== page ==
- Woodington Middle School
Education Foundation mini-grants a prize for teachers
Community support for public school teachers pushed the amount of money raised last year and awarded last week as 2019 Lenoir County Education Foundation mini-grants to records heights -- $20,836 conferred in 54 grants to teachers at 16 LCPS schools.
A signature activity of the Education Foundation for decades, the mini-grant program has expanded dramatically in recent years thanks to increased participation in the Foundation’s two primary fundraisers – a fall golf tournament and an annual adult spelling bee. All money awarded as grants comes from event proceeds and private donations.
“There are a lot of people out there working for you and rooting for you and trying to help you as you help our students here,” Craig Hill, executive director of the Kinston-Lenoir County Chamber of Commerce, told grant winners at Banks Elementary School, one of the stops for the Foundation’s Prize Patrol as it toured Lenoir County on Thursday and Friday to present checks and balloons to teachers.
Total mini-grant awards have grown from $12,962 in 2017 to $17,745 in 2018 and to nearly $21,000 for the 2019 awards. Nearly 200 applications for the grants were submitted in October and a panel of judges picked a record number of winners in December.
The surge in Education Foundation mini-grant opportunities coincides with an increased focus by the school district and its teachers on writing and winning grants, according to LCPS Superintendent Brent Williams, who accompanied the Prize Patrol
“Our theme this year is ‘Leveling Up’ and we’re on pace this year to win twice as many grants from all sources as we’ve ever received,” Williams said. “That begins with our applying for more than we’ve ever applied for.”
Elizabeth Vick-Smith and Jan Humphrey, English teachers at Lenoir County Early College High School, had never applied for a grant, either separately or together. Thursday, they learned that as a team they were one-for-one in grant competitions.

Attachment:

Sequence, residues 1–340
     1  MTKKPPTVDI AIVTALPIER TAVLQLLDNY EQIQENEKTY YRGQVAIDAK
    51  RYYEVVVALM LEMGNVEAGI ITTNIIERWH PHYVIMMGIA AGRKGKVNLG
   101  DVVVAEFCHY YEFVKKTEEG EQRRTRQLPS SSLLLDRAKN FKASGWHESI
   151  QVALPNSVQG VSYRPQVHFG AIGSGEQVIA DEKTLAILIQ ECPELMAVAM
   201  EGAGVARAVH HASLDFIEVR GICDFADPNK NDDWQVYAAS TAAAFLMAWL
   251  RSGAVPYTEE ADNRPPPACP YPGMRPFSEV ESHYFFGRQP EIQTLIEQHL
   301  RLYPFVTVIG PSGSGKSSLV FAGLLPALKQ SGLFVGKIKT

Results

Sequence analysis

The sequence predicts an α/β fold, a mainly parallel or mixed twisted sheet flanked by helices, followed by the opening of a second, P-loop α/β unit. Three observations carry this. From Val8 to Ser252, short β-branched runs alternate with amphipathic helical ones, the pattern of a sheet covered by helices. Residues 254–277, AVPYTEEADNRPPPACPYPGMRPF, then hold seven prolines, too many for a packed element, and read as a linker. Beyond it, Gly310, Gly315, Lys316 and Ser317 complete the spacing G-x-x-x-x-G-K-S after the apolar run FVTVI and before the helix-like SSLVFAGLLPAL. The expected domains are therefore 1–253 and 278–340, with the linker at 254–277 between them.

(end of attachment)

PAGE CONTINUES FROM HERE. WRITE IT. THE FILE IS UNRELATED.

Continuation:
“This is very exciting,” Vick-Smith said after she and Humphrey were surprised with a check for $500, the top limit for mini-grants. “We really wanted to add to our book collection and this is the only way I thought we might do it.”
The money will buy books for an in-house library with more choices of young-adult fare. “Since we’ve started a summer reading program, we thought this would be good way to give students more options on what they read and increase their interest in reading,” Smith-Vick said.
The variety of projects funded by the grants illustrates the school district’s wide range of learning opportunities.
LCPS’s introduction of a K-5 computer coding curriculum this school year prompted no fewer than seven elementary teachers to apply for and win mini-grants to further that instruction. “My grant is for robots for the kids to program. First, they have to assemble the robots and then they’ll be able to write code for them to complete various activities,” said Selina Gray, a fourth-grade teacher at Pink Hill Elementary School who won $410.
The second-grade team at Northeast Elementary School is using its $500 grant to fund a trip for students to East Carolina University to see a musical that’s part of the ECU Art Smart Series. At South Lenoir High, art teacher Laura Jackson will put her $275 award toward supplies that students will use to create tile mosaic tops for the three concrete tables outside her classroom. Jody Guttenberger, family and consumer science teacher at Kinston High, plans to stage a student cooking competition with her $444 award.